The sedition trial of Malaysian cartoonist Zunar, which was set to begin today, has been delayed yet again as he and two other defendants launched another challenge to the country’s Sedition Act, a vestige of Malaysia’s colonial past. A court decision to be handed down on December 15 will determine whether the challenge can proceed.
A previous challenge from law professor Azmi Sharom, also charged with sedition, held up the start of Zunar’s own trial for several months. Azmi’s legal team had argued that the Sedition Act should be invalid since it predates the Malaysian constitution and independence from British colonial rule. Last month, however, a five-judge Federal Court panel ruled that the law would remain in force. Dissenters like Zunar and Azmi say that Prime Minister Najib Razak’s government has selectively used the Act as a tool to silence opposition. Zunar’s lawyer Latheefa Koya, who also represents the other two challengers Eric Paulsen and N. Surendran, is asking for a court to review the decision in the Azmi case as well.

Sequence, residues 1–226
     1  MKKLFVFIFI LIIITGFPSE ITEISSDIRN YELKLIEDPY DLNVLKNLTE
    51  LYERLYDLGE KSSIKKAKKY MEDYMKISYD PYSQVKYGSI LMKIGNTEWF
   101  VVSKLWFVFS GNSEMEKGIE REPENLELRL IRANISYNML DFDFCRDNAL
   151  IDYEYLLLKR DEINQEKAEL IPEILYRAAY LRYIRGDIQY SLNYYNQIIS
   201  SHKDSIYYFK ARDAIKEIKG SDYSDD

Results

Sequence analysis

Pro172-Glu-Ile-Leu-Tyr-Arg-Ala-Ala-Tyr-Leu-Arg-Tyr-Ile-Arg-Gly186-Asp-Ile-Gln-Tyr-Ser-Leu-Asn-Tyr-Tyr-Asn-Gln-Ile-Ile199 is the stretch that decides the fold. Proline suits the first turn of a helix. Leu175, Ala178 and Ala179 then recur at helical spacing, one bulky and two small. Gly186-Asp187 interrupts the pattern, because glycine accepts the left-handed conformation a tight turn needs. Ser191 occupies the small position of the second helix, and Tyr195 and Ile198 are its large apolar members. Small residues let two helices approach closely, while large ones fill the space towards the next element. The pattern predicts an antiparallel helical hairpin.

The new challenge from Zunar and the two other defendants takes a different legal tack, arguing that the Sedition Act is unconstitutional because it does not require the government to prove the defendant’s intent was actually seditious. Questions of intent are also commonly debated in U.S. free speech cases, most recently in Elonis v. United States where the Supreme Court decided prosecutors must show that menacing language was actually intended as a “true threat” before it can be exempted from First Amendment protection.
While waiting once again for Zunar and other Malaysian dissidents to receive true justice, please take a moment to sign the International Federation of Journalists’ petition calling on the government to drop the charges against him. Cartoonists Rights Network International also provides a convenient form letter to send to Malaysian embassies.
Contributing Editor Maren Williams is a reference librarian who enjoys free speech and rescue dogs.